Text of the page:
The Labour party went into the last election with a firm commitment to abolish grant-maintained schools. All the hon. culprits on the Opposition Benches fought on that manifesto. Within two months of the election, however, the Labour party's education spokesman, who was then the hon. Member for Blackburn (Mr. Straw), reversed that policy. He issued advice on grant-maintained schools to Labour party members that read: parents and governors may feel bound to make decisions about what they think is best for their schools. Labour must not appear to be placed in a hostile position of opposition to parents. Perhaps the hon. Lady will be able to tell the House today how that advice squares with her own barely concealed contempt, expressed at the last Labour party conference, for those schools and their parents who wish to run their own affairs. At that conference in September, the hon. Lady accused parents of hijacking schools that wanted grant-maintained status.

If that is the hon. Lady's position, can she tell the House today whether it is still her party's policy to return grant-maintained schools to local authority control? In other words, is she prepared to back her principles with a firm commitment against the provisions of the Bill, or will those principles go the way of every other principle held by the Labour party, as we saw last week—the "here today, gone tomorrow" sort of principles?

Of course, it does not matter very much what the hon. Lady says about grant-maintained schools in the context of the Bill, because some Labour authorities—backed by Labour Members of Parliament and various trade unions and some professionals employed in education departments, as my right hon. Friend the Member for Mitcham and Morden (Dame A. Rumbold) pointed out in her important intervention—will in any event continue to fight applications for self-governing status. Those disgraceful tactics, which the hon. Member for Dewsbury has done nothing to reverse—in fact, quite the reverse—must stop. We shall ensure that the Bill offers no hiding place for those people.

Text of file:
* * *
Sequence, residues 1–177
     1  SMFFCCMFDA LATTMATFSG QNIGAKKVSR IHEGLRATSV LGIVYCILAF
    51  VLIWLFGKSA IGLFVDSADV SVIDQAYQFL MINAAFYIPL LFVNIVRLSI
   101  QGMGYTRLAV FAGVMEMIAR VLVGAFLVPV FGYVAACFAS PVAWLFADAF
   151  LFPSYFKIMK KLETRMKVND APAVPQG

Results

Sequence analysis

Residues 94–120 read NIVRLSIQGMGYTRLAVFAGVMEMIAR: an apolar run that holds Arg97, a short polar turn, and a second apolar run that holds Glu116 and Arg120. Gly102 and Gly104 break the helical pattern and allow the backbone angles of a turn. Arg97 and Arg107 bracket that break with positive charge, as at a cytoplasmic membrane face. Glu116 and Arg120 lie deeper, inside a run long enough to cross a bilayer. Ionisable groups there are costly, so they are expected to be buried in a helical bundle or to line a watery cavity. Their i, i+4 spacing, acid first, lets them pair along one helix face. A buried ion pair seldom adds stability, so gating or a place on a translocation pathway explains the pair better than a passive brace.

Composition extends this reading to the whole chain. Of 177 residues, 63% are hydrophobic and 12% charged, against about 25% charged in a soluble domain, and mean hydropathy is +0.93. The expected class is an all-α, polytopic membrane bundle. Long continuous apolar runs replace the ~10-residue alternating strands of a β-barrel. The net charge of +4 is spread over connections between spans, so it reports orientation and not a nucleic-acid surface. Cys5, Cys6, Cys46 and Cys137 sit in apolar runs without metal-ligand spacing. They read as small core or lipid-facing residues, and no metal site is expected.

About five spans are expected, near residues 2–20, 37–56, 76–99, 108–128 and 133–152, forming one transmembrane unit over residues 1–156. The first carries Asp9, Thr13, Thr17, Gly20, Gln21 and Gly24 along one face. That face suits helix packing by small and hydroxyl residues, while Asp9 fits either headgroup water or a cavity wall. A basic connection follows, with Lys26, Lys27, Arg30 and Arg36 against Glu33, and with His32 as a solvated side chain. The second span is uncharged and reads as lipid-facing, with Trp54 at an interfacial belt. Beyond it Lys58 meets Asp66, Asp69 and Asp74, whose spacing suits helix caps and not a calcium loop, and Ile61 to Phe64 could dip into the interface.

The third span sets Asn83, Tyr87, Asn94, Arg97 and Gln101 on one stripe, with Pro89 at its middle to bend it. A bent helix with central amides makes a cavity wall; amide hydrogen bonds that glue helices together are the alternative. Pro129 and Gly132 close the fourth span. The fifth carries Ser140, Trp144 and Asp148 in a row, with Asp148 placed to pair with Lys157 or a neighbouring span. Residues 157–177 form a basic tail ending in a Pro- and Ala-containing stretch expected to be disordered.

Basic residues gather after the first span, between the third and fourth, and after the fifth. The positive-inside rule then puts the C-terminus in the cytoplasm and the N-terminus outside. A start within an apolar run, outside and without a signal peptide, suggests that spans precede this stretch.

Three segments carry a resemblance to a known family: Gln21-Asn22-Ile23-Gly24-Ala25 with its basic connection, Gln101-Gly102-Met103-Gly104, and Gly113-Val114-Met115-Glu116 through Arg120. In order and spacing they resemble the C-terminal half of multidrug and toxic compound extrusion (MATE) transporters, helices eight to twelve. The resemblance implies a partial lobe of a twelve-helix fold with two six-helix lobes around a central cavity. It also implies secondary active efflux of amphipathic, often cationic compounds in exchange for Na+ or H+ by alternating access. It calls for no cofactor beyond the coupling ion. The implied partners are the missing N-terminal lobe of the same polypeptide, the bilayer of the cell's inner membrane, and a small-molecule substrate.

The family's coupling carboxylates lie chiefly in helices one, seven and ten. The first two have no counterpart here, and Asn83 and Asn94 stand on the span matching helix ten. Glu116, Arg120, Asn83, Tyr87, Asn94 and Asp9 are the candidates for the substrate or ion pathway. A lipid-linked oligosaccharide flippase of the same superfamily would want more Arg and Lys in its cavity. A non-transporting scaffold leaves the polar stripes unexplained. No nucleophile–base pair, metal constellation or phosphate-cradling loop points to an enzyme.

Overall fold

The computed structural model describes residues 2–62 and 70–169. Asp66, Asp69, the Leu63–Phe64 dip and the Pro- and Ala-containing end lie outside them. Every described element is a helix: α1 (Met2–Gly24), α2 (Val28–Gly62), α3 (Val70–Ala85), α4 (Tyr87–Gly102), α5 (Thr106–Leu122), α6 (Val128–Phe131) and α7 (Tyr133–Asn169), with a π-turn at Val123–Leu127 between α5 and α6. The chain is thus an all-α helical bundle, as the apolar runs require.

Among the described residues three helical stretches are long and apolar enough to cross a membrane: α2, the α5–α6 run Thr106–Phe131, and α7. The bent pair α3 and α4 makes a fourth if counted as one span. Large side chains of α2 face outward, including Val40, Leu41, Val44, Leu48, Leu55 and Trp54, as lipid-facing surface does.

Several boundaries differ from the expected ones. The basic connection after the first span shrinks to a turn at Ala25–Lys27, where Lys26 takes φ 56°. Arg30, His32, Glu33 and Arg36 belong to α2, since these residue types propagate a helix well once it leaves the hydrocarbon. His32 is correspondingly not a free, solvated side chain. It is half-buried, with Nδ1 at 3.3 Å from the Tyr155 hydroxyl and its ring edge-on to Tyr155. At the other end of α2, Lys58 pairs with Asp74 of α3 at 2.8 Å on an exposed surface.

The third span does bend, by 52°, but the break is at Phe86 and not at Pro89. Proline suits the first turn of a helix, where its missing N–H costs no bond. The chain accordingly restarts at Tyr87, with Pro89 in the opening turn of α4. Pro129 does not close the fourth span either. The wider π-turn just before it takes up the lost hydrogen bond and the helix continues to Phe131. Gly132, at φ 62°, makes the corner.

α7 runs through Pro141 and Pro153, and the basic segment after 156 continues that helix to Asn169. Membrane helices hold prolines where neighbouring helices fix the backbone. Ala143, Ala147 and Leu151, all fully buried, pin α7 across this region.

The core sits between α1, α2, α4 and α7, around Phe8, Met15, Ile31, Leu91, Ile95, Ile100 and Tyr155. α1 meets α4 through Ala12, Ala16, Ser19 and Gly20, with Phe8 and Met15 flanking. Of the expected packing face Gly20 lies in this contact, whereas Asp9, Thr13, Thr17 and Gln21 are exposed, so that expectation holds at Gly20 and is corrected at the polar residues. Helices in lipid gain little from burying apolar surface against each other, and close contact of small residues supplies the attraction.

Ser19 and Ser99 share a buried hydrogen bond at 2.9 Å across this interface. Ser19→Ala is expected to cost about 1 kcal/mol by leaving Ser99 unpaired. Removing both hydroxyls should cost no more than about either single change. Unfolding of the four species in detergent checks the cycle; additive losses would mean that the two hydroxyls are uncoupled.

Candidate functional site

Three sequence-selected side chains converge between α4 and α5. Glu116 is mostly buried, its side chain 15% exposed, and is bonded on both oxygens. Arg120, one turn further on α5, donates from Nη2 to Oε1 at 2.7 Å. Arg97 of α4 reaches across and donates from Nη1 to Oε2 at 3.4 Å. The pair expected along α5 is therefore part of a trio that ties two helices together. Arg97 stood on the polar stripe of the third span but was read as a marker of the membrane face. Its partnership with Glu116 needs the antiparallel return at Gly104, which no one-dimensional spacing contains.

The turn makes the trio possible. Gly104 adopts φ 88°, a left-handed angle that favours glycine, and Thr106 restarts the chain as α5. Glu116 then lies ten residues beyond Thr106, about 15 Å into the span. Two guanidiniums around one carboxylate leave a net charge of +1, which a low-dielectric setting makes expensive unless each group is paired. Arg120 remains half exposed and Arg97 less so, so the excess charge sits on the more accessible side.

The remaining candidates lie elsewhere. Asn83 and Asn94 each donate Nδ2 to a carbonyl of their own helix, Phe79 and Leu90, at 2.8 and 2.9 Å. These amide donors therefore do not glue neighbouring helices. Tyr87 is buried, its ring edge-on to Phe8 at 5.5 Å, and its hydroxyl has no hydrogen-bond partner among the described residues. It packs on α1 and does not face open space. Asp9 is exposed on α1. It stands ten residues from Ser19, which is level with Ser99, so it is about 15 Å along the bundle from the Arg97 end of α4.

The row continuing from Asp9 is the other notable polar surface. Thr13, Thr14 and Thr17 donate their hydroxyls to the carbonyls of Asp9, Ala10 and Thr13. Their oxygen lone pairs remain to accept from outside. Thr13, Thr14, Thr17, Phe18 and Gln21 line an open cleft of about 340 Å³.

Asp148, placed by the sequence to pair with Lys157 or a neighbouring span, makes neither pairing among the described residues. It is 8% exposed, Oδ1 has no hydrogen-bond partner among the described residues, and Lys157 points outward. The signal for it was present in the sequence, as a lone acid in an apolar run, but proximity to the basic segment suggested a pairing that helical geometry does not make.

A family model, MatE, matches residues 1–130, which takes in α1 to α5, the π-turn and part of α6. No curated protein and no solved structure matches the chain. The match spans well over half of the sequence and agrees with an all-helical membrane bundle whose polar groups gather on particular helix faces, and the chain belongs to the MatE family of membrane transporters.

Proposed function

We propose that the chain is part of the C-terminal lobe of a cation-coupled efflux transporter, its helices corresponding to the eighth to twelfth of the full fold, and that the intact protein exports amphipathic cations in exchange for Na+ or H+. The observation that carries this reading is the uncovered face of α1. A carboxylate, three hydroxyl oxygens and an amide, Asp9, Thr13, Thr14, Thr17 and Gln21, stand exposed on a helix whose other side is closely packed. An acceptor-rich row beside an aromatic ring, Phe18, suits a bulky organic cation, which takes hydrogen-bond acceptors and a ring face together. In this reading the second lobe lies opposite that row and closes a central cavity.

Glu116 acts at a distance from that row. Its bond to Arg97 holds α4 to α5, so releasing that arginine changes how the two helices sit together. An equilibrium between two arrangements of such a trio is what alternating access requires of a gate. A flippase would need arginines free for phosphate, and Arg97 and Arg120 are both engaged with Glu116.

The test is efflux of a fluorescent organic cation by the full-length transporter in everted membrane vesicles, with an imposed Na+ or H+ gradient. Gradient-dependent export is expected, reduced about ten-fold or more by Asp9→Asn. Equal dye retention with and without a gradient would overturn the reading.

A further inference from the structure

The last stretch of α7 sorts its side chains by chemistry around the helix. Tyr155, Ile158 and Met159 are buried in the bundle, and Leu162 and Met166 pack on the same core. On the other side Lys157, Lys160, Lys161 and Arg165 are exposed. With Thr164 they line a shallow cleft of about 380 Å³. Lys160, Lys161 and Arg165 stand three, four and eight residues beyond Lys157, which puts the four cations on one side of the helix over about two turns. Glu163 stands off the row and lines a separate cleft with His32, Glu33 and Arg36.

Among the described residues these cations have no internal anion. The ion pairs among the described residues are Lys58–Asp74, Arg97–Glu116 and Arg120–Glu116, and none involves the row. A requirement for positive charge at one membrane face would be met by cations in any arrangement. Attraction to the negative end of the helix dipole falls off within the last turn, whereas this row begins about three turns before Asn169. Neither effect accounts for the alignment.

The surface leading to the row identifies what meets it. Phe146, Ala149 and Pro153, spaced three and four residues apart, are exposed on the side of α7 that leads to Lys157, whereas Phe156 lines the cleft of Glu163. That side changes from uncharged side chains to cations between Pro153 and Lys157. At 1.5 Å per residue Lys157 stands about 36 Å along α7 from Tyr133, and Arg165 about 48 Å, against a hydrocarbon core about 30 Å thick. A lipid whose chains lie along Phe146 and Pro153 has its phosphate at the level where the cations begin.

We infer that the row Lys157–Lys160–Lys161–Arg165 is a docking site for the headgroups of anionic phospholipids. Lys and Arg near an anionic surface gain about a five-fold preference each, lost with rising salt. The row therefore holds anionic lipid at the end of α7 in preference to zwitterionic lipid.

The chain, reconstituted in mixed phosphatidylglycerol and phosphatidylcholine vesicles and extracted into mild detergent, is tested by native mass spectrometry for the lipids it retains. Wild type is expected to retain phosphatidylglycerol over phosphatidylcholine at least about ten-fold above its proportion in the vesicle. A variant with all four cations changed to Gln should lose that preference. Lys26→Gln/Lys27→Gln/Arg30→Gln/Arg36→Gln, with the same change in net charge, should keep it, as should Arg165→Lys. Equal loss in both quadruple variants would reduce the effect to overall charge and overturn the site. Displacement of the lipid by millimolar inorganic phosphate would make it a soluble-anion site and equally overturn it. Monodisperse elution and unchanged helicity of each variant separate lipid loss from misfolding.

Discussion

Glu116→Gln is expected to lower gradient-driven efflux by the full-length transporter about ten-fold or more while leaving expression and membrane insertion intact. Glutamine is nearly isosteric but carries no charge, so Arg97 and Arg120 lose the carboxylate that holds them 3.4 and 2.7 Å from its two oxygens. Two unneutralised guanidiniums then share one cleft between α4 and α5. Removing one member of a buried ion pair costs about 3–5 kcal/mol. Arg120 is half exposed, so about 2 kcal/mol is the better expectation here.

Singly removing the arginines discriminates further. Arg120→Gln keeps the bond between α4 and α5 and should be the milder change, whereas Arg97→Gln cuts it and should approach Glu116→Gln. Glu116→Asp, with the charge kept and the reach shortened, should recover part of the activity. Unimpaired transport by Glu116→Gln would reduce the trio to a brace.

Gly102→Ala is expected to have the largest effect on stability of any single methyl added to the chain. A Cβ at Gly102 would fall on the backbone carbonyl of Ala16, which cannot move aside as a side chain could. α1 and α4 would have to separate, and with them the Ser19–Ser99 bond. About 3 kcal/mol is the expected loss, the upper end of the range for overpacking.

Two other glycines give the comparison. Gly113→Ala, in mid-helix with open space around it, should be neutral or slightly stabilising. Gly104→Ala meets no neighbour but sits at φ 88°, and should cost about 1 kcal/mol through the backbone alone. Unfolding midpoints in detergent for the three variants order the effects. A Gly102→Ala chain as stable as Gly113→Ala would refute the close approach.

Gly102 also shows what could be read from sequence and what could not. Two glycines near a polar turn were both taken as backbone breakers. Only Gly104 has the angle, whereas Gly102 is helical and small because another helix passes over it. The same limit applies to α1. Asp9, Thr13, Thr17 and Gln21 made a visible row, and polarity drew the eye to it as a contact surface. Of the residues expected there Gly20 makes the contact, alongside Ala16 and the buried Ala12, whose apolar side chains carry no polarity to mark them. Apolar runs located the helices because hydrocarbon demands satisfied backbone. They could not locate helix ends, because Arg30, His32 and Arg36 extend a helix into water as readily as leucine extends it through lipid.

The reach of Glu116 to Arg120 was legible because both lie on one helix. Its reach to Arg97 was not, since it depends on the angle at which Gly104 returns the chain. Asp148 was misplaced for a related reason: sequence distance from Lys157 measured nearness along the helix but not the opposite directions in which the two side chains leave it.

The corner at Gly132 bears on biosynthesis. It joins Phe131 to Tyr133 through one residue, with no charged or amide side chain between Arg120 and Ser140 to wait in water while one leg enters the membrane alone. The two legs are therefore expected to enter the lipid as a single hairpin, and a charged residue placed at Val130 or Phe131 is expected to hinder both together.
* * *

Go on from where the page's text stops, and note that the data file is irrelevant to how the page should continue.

I should like to take one case study of how the Bill might work on the ground in a named education authority. Why do not we look at what is going on in Birmingham, England's second city? Nowhere have some parents and some school staff who have wanted to opt out been subjected to more vilification than in Labour-controlled Birmingham. [AN HON. MEMBER: "Quite right."] "Quite right," I hear said from some part of the House.

In the context of the Bill, some Labour Members have been quick to rush to the defence of Birmingham's Labour-controlled local education authority. I have to say "some", because not all have displayed such political Pavlovian instincts. Some Labour Members, to whom I pay tribute, have taken a more intelligent view, such as the hon. Member for Birmingham, Ladywood (Ms. Short), who is not in her place this afternoon and whom I respect.